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EarthInsights: Parallel Clustering of Large Earth Science Datasets on the Summit Supercomputer

Presentation Date
Wednesday, December 12, 2018 at 2:25pm
Walter E Washington Convention Center 209A-C



Observational and modeled data acquired or generated by the various disciplines within the realm of the Earth sciences encompass temporal scales of seconds to millions of years and spatial scales of microns to tens of thousands of kilometers. Because of rapid technological advances in sensor development, computational capacity, and data storage density, the volume, complexity, and resolution of Earth science data are increasing quite rapidly. Unsupervised classification is a widely applied data mining approach to derive insights from such data; we utilized such techniques to identify ecoregions and similar phenological regions (phenoregions). However, classification of very large data sets is a complex computational problem that requires efficient numerical algorithms and implementations on high performance computing (HPC) platforms.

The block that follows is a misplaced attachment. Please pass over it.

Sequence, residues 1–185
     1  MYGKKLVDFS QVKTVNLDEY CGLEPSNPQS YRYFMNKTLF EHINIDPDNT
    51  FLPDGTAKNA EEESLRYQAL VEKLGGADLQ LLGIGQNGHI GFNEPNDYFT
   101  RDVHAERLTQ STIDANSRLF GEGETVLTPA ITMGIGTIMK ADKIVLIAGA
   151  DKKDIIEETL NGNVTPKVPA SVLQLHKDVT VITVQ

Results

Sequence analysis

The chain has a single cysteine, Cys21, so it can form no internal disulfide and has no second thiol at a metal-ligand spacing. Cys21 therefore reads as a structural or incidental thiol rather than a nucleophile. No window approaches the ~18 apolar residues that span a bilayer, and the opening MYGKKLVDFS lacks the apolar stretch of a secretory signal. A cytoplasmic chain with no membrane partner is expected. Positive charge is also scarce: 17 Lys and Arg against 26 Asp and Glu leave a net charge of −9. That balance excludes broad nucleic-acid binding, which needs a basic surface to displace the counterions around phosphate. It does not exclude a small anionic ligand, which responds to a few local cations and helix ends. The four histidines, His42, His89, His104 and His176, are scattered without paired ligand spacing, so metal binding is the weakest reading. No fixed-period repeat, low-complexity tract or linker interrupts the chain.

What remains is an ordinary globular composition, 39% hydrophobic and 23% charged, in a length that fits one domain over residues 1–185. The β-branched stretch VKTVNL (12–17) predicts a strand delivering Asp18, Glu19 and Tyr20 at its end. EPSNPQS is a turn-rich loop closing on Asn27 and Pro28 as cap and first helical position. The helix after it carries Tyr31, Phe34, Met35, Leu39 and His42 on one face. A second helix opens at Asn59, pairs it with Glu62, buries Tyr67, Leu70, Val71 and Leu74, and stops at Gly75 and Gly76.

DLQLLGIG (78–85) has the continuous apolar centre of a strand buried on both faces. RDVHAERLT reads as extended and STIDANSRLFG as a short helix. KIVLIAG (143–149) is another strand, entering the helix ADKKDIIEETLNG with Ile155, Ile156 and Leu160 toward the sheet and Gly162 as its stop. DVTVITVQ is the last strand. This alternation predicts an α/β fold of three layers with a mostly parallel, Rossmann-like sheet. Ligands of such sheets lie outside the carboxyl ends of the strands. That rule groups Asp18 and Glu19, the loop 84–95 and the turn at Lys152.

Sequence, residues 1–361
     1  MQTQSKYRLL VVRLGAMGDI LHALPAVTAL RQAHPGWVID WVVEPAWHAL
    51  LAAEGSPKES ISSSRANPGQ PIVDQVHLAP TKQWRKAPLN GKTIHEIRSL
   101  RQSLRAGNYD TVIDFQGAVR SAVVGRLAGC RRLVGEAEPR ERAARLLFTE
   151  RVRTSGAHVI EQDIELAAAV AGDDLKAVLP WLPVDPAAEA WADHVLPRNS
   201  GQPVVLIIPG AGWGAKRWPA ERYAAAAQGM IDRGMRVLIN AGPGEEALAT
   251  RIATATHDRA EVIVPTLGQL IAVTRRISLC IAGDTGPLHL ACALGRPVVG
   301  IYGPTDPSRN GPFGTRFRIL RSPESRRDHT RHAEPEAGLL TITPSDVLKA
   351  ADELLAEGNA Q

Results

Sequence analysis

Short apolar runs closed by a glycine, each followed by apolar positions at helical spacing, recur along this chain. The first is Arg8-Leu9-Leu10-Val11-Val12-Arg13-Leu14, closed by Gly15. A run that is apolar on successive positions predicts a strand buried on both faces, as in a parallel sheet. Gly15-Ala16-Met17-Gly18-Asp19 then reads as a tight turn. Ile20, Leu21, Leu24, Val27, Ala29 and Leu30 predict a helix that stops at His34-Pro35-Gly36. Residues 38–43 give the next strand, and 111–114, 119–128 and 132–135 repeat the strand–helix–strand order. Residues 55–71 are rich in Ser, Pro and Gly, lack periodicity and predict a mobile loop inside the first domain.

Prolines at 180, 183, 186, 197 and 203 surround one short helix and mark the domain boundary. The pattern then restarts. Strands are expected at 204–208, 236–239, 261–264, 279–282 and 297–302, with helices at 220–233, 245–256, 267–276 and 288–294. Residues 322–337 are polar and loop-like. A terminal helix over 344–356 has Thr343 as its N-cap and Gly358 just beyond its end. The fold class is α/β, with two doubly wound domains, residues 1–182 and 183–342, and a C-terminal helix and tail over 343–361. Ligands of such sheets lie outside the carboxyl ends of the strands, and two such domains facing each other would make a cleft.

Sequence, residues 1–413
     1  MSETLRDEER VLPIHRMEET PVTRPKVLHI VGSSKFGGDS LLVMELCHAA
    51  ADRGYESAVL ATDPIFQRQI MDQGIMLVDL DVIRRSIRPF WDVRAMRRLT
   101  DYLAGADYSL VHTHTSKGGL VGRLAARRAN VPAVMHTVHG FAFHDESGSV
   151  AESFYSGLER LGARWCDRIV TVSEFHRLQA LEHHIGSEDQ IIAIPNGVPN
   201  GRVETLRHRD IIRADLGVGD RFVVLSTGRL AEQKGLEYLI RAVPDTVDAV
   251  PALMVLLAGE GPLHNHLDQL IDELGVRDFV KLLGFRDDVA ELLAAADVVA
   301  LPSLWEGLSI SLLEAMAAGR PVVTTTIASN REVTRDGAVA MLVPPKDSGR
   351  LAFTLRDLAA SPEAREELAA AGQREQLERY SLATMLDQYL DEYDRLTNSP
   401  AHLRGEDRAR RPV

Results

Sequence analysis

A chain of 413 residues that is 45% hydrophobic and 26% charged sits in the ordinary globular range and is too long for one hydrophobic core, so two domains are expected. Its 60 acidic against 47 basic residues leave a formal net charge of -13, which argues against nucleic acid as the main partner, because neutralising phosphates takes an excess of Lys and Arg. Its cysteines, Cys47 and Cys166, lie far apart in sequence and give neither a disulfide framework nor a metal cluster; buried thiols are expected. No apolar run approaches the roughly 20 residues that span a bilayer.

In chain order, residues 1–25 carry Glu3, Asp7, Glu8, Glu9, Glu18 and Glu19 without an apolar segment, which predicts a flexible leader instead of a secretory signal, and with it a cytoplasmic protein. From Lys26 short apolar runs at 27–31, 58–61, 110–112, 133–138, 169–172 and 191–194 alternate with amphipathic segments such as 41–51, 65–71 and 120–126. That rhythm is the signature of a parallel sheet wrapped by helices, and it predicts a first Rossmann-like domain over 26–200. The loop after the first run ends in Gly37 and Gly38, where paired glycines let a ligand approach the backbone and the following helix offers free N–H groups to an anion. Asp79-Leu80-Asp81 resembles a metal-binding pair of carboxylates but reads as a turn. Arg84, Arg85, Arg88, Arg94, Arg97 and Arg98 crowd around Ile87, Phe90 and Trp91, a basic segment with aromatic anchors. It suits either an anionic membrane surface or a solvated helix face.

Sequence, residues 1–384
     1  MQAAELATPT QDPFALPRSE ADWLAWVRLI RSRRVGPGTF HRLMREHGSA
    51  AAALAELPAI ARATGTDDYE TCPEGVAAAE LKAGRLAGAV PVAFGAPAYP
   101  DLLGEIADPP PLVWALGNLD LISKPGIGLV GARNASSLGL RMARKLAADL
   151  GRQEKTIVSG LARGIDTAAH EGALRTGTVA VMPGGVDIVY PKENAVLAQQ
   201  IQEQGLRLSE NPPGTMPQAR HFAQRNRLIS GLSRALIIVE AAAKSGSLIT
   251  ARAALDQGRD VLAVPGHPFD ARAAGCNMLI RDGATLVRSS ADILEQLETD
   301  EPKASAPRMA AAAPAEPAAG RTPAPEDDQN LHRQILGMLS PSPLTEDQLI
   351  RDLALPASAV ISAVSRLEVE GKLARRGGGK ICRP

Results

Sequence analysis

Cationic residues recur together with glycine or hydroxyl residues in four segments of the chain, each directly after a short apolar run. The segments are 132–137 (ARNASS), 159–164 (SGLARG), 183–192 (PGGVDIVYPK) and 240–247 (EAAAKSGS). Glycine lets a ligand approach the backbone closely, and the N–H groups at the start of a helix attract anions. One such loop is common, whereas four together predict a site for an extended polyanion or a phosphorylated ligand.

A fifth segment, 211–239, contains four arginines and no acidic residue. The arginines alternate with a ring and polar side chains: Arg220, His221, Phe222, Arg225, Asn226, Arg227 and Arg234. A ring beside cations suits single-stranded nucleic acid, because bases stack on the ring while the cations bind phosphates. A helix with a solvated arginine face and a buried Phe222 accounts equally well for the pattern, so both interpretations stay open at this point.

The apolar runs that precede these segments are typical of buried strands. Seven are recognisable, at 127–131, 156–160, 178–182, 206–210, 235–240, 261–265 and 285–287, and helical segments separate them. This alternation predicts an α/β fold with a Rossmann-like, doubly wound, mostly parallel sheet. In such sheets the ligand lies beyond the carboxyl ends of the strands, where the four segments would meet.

The computational platform targeted for this research is Summit, the leadership class supercomputer at Oak Ridge National Laboratory which is presently the fastest supercomputer in the world. Summit, Summit consists of 4,608 compute servers, each containing two 22-core IBM Power9 processors (CPU) and six NVIDIA Tesla V100 graphics processing unit accelerators (GPU), interconnected with high speed 100Gb/s InfiniBand interconnect providing a peak performance of 200,000 trillion calculations per second—or 200 petaflops.

Specifically, we designed and optimized a parallel clustering technique based on k-means cluster analysis that can efficiently utilize heterogeneous supercomputers like Summit. We developed a hybrid programming model implementation using MPI, CUDA and OpenACC that can utilize both CPU and GPU resources on computational nodes. Furthermore, we will present details on suitable load balancing strategies including resource allocation configurations in hybrid mode. We were able to process large earth science datasets on Summit using our implementation that were hitherto infeasible to analyze on Titan, a previous generation supercomputer.

When applied across a time series of geospatial data, multivariate geospatio-temporal clustering has proven quite useful for characterizing the time-evolving dynamical behavior of Earth system processes.

Funding Program Area(s)